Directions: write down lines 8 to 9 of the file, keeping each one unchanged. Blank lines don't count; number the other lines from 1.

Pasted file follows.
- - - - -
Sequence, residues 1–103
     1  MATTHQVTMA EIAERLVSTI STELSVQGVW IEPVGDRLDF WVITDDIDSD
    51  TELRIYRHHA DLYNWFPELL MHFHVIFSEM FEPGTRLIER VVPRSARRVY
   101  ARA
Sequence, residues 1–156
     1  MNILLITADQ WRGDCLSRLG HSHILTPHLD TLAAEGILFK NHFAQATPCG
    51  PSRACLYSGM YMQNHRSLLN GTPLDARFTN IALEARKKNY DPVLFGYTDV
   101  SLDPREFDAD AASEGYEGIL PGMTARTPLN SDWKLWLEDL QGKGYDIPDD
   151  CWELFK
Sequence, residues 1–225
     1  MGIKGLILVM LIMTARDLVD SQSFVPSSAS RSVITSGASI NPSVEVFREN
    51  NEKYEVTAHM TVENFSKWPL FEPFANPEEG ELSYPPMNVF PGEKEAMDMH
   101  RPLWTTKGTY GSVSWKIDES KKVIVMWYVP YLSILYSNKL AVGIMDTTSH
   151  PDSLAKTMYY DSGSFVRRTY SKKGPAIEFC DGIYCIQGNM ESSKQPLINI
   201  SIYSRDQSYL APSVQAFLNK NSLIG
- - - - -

   101  SLDPREFDAD AASEGYEGIL PGMTARTPLN SDWKLWLEDL QGKGYDIPDD
   151  CWELFK